“In the role of mediator, it has inherent legitimacy and the flexibility to talk to all parties, including elements outside the political process,” Khalilzad wrote.

The U.N. has an office and a special representative in Iraq but it cut back severely on its presence there after the Aug. 19, 2003 truck bombing at its headquarters in eastern Baghdad that killed at least 22 people, including the top U.N. official Sergio Vieira de Mello.

U.S. deputy ambassador Jackie Sanders said the United States would continue its financial support for Iraq’s economic reconstruction and development. But she also stressed that Iraqi officials must also work to adopt laws reforming the energy sector.

“Getting the revenue sharing formula right is especially important as a matter of national policy, to reinforce for all Iraqis a sense of national unity and purpose,” Sanders said.

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About Ian Bach

Independent Online Terrorist Hunter I teach people how to hunt down and shut down the Bad guys web sites. I also teach about the various countries and cultures. Like most cases it is a small group of bsd eggs that in this case call themselves Muslims but in actual fact they are more like how KKK call themselves ",True Christisians". But in both cases / groups they preach a perverted and twisted view a religion. In the case of ISIS, all Qaeda, al Nusra, and the rest of the terrorists who claim to be true Muslims most of these groups follow the Wahhabi teachings. They are almost all Sunni and their goal is global domination. Yet they must be very bad at math and history. Since most Muslims prefer a separation of church and state and also mist are against Shari's Law. Esp the twisted and overly exaggerated form of Sharia Law that the Wahhabi and other bad guys use. I have studied terrorism, insurgencies, and the best tried and proven methods that work to fight terrorism. My Blogs have many links and articles that can show you who are the best and most knowledgeable people in the fields or counterinsurgency and counter terrorism. When I find great practitioner's I always listen to them to find out who they learned from and who they respect and admire. Thus I am always learning new stuff from the best and most successful in their fields of knoeledge. I strive to be an open and ethical source of information, I have met many awesome, kind, caring, and loving wonderful people many who I am close friends with now from Afghanistan, Iraq, Syria, Turkey, Iran, and many from S.E. Asia which also has a high percent of their populations that are Muslim.We must always strive to be aware people are not any one particular religion via that's what they chose to be, instead most people are a particular religion because that's what their parents and/or county is. I was raised Catholic but because I became Interested in magic ,(illusion - smoke n mirrors) and science which lead me to study many religions, and I would call myself an atheist. Yet sometimes when I lose my keys ZI find myself praying "Hail Marys" and a few "Our Fathers" which most always aides me in finding my keys. My belief is that if I just frantically look around for my krys, good luck it takes me for ever. But by saying these prayers it is like s sort of meditation and my mind becomes more calm, which is why it helps my find my keys.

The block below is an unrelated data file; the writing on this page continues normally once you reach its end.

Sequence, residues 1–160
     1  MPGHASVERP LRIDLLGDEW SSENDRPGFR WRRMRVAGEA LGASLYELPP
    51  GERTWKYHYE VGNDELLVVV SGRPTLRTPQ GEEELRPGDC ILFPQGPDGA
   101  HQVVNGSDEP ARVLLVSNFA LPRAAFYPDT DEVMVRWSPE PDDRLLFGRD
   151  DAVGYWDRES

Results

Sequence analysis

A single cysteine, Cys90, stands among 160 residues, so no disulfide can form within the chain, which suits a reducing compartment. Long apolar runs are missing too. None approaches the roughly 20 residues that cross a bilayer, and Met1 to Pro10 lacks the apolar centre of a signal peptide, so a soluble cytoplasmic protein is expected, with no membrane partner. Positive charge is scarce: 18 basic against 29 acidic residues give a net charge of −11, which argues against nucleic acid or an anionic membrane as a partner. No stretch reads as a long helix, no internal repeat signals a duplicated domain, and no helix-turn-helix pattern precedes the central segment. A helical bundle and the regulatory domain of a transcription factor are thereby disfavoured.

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This entry was posted on July 21, 2007 by in Uncategorized.